WASHINGTON — Money from any oil collected and sold from BP's runaway oil well will go toward a fund that helps restore and improve wildlife habitat in the four states most damaged by what is now the nation's largest ever oil spill.
Although thousands of barrels of oil continue to spew into the Gulf of Mexico each day from BP's broken well, the energy giant is salvaging much of it using a containment device installed last week.
That captured oil, McClatchy first reported last week, could generate more than $1.4 million in revenue each day, based on flow rate estimates calculated by a federal team determining how much oil is leaking from the well.
The company said it doesn't know exactly how much money it'll donate to the fund, but all net revenue from the well will go to the fund. So will the net revenue from any oil skimmed from the ocean's surface and sold to a refinery for processing.
The wildlife fund will create, restore, improve and protect wildlife habitat along the coastline of Louisiana, Mississippi, Alabama and Florida, Tony Hayward, the company's chief executive, said in a statement.
The company also took pains to note that its contribution is voluntary; the fund it's creating is "over and above BP's obligations under the Oil Pollution Act of 1990." The money will be made available to state agencies and non-profits that are focused on wildlife protection and restoration, the company said.
BP is "committed to protecting the ecosystems and wildlife on the Gulf Coast," Hayward said. "We believe these funds will have a significant positive impact on the environment in this region."
Although the oil from the well could be valued at as much as $1.4 million a day, it's unlikely it will fetch quite that much.
McClatchy's calculation used a government tally of 25,000 barrels flowing from the well each day, and the 18.75 percent royalty rate applicable to oil from the BP well. It assumed that oil is selling at an average of $70 a barrel.
In the first 12 hours of the day on Tuesday, BP captured 7,850 barrels of oil. If it captured twice that over the course of a day, assuming oil is $70 a barrel, Tuesday's proceeds could be valued at more than $1 million.
BP estimates that 53 percent of the proceeds of each barrel of oil will go to the wildlife fund after it subtracts the 18.75 percent in federal royalties as well as a 35 percent share it owes to its co-owners in the lease. So the wildlife fund on Tuesday alone could have received as much $582,470.
However, the company cautioned that oil it's collecting from the well includes a high concentration of methanol, which is injected at the source to prevent the formation of hydrates that could cripple the containment system. As a result, it expects each barrel of collected oil to sell at a lower price than regular crude would.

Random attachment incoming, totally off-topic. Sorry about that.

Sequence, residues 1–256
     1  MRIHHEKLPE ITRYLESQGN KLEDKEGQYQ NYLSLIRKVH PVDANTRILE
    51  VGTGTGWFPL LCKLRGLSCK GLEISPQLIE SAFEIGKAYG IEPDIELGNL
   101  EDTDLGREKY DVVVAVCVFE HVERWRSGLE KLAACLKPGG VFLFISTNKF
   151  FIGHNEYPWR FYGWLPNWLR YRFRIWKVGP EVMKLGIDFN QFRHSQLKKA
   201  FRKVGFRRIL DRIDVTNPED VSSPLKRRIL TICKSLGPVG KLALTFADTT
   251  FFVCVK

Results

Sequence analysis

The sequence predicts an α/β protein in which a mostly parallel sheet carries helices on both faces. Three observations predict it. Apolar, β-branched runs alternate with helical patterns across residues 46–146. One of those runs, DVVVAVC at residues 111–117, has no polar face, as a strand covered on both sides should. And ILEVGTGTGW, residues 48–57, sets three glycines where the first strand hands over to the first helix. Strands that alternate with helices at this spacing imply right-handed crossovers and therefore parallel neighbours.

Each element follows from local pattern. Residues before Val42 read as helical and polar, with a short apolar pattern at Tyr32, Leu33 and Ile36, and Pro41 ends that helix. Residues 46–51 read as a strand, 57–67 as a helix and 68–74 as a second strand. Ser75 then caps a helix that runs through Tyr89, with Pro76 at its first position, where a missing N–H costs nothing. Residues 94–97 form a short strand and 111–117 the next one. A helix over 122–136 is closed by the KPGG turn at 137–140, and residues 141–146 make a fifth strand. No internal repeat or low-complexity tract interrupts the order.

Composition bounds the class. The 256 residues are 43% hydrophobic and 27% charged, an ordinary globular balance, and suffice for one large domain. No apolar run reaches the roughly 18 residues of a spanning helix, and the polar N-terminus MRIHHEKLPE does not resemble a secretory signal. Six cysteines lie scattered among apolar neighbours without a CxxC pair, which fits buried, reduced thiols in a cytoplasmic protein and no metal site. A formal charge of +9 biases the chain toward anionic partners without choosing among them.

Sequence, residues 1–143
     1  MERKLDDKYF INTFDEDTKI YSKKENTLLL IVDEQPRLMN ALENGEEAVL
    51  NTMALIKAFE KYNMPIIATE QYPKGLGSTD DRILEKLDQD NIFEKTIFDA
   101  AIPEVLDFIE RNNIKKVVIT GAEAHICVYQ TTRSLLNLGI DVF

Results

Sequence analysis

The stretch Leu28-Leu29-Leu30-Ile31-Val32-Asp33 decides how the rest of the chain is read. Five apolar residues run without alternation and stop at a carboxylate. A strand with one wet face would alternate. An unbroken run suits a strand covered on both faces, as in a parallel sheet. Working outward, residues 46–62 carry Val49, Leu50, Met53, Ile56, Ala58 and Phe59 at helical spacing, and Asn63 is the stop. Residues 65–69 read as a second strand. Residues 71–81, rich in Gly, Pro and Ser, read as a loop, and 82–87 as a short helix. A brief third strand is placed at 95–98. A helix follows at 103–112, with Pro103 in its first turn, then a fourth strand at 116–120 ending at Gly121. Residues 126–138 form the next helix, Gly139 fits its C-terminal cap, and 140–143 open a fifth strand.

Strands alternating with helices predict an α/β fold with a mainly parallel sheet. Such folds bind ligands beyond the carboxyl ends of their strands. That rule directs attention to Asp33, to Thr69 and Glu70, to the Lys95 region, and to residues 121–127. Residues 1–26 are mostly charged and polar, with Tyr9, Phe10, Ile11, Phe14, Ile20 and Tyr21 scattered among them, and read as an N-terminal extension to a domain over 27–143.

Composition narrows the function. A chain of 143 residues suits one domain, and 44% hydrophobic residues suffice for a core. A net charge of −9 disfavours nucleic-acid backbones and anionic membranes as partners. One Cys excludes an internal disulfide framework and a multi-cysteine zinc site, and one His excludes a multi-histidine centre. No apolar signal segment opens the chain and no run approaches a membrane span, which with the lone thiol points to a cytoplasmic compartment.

Yet the oil will still be a moneymaker — and not just for BP. U.S. taxpayers are also expected to see a modest windfall from royalties, too. The Treasury could be due as much as $192,325 in royalties daily, based on Tuesday's estimated 15,700-barrel collection rate.
BP said it would continue to donate all net revenue from the well until it "is killed and oil is no longer coming from this source." A relief well is expected to be completed in August.
The money at stake underscores the need for accurate measurements of how much oil has been flowing from the BP well since the April 20 disaster, a measurement that President Barack Obama acknowledged last week the government was too slow in developing independently.
It's been difficult to establish an accurate tally of the amount of oil coming out of the well. BP initially said the rate was 1,000 barrels a day, and then increased it to 5,000. The government-appointed Flow Rate Technical Group estimated the rate at 12,000 to 25,000 barrels a day. Attaching the containment apparatus last week was expected to increase the flow by 20 percent.
One member of the flow rate group told McClatchy on Monday that based on satellite data he's examined, it could be as much as 100,000 barrels a day. The rate of flow from the well has been increasing over time, especially since BP's "top kill" effort failed last month to stanch the flow, said Ira Leifer, an associate researcher at the Marine Science Institute of the University of California, Santa Barbara, and a member of the government's Flow Rate Technical Group.
Accurate measurements are important because they're used as evidence when federal investigators consider fines and if juries impose damages on BP for the spill. BP also is responsible for paying royalties for each barrel of oil lost, and the measurements are needed to calculate the money that's due the government.
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